Coaching is becoming widely recognized as a tool to help early childhood educators enhance teaching and build professional skills. Although effective, the use of an external coach can be cost and time prohibitive. This study examined the effectiveness of internal peer coaches as compared to external coaches in implementation fidelity of an evidence-based framework aimed at enhancing the social-emotional competencies of young children in early childhood classrooms. Fifteen Head Start teachers and 125 of their students participated in this study. The intervention consisted of training on practice-based coaching, training on the social-emotional framework, and eight weeks of coaching (eight teachers participated as internal peer coaches and seven received external coaching). Pre and post data included an assessment of fidelity to the framework and evaluation of individual child social skills. Overall, results suggest that internal peer coaches were more effective at supporting the implementation of practices with fidelity. Children in classrooms with internal coaches demonstrated a significant increase in social skills. Although more research is needed, internal peer coaching can be considered as a potential solution to the challenges of working with an external coach.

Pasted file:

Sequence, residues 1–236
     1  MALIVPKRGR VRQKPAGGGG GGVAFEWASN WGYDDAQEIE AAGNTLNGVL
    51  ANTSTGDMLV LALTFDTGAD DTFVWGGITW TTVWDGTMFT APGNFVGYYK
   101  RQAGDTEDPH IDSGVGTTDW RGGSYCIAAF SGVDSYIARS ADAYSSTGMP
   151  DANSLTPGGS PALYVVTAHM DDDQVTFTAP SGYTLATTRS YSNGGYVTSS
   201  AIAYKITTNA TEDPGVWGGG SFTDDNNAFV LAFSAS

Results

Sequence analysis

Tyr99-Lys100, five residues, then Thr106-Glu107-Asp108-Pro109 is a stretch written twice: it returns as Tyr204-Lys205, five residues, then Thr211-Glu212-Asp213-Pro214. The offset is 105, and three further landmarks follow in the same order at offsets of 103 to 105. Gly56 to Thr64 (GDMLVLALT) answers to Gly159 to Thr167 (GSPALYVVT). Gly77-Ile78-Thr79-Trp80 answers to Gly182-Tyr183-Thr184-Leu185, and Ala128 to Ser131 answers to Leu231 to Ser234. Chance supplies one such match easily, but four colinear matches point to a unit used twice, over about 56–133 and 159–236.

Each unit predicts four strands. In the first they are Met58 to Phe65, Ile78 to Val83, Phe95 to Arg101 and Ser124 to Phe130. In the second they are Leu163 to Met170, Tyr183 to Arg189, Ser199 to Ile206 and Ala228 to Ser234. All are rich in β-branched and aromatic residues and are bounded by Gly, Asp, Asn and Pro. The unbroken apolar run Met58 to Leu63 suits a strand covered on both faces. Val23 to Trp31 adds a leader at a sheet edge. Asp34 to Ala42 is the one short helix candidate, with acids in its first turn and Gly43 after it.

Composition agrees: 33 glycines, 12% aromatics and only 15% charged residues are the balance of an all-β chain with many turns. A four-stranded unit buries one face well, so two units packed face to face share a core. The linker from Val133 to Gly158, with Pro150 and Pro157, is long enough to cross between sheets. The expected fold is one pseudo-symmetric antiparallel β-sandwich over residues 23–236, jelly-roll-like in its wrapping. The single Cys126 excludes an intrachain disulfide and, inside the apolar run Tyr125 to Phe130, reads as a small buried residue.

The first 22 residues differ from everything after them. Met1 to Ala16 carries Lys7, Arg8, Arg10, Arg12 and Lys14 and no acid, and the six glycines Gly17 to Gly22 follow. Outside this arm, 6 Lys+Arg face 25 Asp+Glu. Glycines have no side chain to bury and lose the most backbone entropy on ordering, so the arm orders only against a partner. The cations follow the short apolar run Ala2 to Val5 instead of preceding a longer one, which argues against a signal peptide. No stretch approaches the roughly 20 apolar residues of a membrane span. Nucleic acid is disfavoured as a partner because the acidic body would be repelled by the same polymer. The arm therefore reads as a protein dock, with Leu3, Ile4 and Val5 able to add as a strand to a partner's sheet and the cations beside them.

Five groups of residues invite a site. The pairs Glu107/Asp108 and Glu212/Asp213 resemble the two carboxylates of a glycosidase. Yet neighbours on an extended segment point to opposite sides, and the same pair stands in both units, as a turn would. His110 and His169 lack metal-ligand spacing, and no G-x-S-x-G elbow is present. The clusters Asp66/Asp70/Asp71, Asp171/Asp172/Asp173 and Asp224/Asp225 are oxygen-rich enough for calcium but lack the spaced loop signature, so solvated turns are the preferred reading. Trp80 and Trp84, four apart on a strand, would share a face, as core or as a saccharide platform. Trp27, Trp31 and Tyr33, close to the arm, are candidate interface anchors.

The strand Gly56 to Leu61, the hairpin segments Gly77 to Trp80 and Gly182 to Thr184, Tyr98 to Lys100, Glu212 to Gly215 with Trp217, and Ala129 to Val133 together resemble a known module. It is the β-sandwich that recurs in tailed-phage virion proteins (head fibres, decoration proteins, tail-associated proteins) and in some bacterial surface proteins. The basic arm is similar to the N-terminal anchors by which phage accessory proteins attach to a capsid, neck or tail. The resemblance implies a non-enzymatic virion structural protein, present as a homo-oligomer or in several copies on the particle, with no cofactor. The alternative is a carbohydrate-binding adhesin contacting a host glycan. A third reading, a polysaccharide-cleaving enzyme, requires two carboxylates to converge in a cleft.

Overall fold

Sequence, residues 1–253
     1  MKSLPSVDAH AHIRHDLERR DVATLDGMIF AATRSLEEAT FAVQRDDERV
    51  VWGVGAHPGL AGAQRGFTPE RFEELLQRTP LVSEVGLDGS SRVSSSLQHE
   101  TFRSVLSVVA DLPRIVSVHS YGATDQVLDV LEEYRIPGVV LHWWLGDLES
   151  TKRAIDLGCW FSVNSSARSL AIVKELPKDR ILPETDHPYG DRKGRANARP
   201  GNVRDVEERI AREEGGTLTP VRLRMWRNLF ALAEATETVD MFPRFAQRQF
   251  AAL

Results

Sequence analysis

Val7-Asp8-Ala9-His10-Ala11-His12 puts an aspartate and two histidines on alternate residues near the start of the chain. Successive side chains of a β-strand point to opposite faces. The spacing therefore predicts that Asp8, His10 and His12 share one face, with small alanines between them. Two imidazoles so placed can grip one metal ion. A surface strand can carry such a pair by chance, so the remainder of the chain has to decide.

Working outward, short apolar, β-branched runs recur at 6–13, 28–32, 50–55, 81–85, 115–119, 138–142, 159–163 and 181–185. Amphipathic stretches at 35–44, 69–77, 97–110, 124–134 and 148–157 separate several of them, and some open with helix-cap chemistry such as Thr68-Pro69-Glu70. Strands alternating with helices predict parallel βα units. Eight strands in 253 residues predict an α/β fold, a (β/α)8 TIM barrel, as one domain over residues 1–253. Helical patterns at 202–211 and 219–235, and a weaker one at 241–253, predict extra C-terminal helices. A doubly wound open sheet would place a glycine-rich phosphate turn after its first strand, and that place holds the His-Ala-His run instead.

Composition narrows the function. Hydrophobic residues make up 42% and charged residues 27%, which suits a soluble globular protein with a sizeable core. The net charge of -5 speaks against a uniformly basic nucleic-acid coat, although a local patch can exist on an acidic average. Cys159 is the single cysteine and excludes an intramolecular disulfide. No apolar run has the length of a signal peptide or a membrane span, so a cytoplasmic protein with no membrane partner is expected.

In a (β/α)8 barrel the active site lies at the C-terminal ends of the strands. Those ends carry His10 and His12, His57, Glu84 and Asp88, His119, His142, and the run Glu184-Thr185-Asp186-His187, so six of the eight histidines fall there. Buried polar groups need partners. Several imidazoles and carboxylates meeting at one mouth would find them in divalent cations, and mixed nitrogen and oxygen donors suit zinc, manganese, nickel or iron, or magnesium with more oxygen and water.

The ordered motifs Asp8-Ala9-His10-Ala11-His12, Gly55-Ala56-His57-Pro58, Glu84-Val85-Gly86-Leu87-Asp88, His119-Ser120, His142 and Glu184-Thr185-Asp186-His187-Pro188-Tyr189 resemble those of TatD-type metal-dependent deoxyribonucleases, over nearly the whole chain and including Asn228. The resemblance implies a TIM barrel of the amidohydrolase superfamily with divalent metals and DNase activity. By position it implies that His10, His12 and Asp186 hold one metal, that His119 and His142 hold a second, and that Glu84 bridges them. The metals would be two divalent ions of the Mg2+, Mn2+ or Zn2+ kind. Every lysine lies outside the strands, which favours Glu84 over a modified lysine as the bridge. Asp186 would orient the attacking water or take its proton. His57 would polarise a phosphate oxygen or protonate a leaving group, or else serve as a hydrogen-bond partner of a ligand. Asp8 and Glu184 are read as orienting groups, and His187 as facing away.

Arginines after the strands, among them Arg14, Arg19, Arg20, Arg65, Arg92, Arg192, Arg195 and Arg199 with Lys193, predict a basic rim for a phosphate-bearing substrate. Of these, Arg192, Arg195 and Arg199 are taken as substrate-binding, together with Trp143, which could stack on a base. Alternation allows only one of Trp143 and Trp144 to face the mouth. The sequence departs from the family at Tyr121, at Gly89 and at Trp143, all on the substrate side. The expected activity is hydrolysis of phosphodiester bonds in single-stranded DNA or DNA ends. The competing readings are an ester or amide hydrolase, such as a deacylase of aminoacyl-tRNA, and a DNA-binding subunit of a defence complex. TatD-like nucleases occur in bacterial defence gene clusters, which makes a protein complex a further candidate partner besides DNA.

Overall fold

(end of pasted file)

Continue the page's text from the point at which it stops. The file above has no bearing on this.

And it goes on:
Updated: Apr. 11, 2022
Emotions are significant in the process of becoming a teacher, especially during the teaching practicum. While studies have repeatedly shown that pupils impact the emotional experiences of student teachers, little is known about student teacher emotions that are triggered by social interactions with their mentor teacher and their team partner. This is the focus of the present research. The following questions are investigated: (1) which emotions are experienced in social interaction situations in the practicum, (2) which factors trigger these emotions, and (3) based on self-determination theory, how the evoked emotions are linked to the fulfilment of basic psychological needs. In order to explore these research questions, semi-structured qualitative interviews with 27 Swiss student teachers were conducted. Thematic qualitative text analysis shows that in different interaction situations, such as successful teaching-related cooperation, support, positive feedback, and goodwill of the mentor teacher, positive emotions are triggered, which are strongly connected to need fulfilment. On the contrary, situations of failed communication, negative feedback, and lack of support are related to need threat and evoke negative emotions. This study shows the importance of emotions in interaction situations during practica and the need to focus more strongly on emotional dimensions of becoming a teacher in teacher education.